Monday, June 5, 2023
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Contemporaneous notes once again to the rescue

In an unusual recent case, a claim in the Pietermaritzburg High Court against a specialist obstetrician and gynaecologist was not in delict but in contract, after a tubal ligation was not performed.

Donald Dinnie, CEO of Natmed Medical Defence writes:

The matter was that of CSR and WR v Dr K C Dhavaraj.

The plaintiffs argued that they had contracted with the defendant, a specialist obstetrician and gynaecologist, to perform a sterilisation by tubal ligation on the first plaintiff when their second child – a boy – was born by Caesarean section and that the defendant had therefore failed to perform the tubal ligation. The only issue was whether the doctor had contractually bound himself to perform that procedure. The case was not that a tubal ligation was performed or not, but whether it had failed because of alleged negligence or the substandard professional care of the doctor.

All the parties agreed that no tubal ligation had been performed. The result was that the first plaintiff subsequently fell pregnant, and gave birth to a further child, with damages being claimed for reasonable costs regarding the construction of an additional room at the plaintiffs’ residence, maintenance and support in respect of the further child until self-supporting, as well as general damages.

No written consent documentation, signed or otherwise, was available regarding the tubal ligation. The versions of the plaintiffs and defendant were mutually destructive, with the plaintiffs bearing, of course, the onus of proof on a balance of probabilities that their version was true and accurate and therefore acceptable – and that the defendant’s version was false and mistaken and fell to be rejected.

Deciding on whether evidence is true or not requires testing the plaintiffs’ allegations against general probabilities. If the probabilities are evenly balanced – in the sense that they do not favour the plaintiff’s case any more than the defendant’s – then the plaintiff can only succeed if the court believes the plaintiff is satisfied that their evidence is true and the defendant’s version is false. It is only where a consideration of the probabilities fails to indicate where the truth probably lies, that recourse is then had to an estimate of the relative credibility of the witnesses apart from the probabilities.

The matter went to trial some eight years after the actual events leading to the claim. All of the witnesses fairly conceded that their memories were no longer crystal clear. The doctor conceded that apart from his contemporaneous clinical and other notes, made at the time, he did not have an independent recollection of what had transpired.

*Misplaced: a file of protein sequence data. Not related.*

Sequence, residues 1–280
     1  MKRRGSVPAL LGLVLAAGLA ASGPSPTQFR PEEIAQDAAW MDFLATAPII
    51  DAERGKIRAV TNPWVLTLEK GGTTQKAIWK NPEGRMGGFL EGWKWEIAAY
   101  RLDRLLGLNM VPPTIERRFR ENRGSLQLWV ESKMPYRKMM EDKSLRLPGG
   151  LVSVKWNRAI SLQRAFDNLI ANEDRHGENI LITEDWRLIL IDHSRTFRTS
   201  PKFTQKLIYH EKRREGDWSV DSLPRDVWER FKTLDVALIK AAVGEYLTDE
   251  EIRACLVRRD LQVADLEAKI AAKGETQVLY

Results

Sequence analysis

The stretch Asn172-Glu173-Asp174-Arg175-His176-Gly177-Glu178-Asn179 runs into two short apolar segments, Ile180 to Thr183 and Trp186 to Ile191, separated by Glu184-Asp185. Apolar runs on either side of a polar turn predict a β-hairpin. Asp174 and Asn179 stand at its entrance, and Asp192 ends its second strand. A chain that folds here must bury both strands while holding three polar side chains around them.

The Court held that the doctor’s contemporaneous notes had not been impeached. The notes indicated that there was still uncertainty as regards the tubal ligation at the last consultation with the plaintiffs, before the Caesarean was performed. The first plaintiff was advised that no tubal ligation was to be performed and that she was to come back about having such a procedure done. The Court said that those notes could not simply be ignored.

That the procedure had been charged for (but not done) was explained by a billing error – which had not been made by the doctor, personally.

The notes were clear that in consultation, the doctor offered the tubal ligation as a service but the offer of performing that procedure still had to be accepted by the plaintiffs. To give rise to an enforceable contract, acceptance of the offer to perform the tubal ligation had to be communicated to the defendant by the first plaintiff in the form of a written consent actually coming to the doctor’s attention. This was required by the relevant legislation. The plaintiff could not establish whether the consent she gave actually came to the doctor’s attention.

Cross-examination of the doctor proceeded on the basis that he had not become aware of the consent form which the plaintiffs maintained was handed to them, then signed by them, and then handed to a member of the doctor’s staff.

The Court accepted that both parties had genuinely believed in their respective versions, but that on the evidence the probabilities favoured the defendant – or at best were evenly balanced – in which case the onus was not discharged.

This is another case that demonstrates the value of comprehensive contemporaneous consultation notes.

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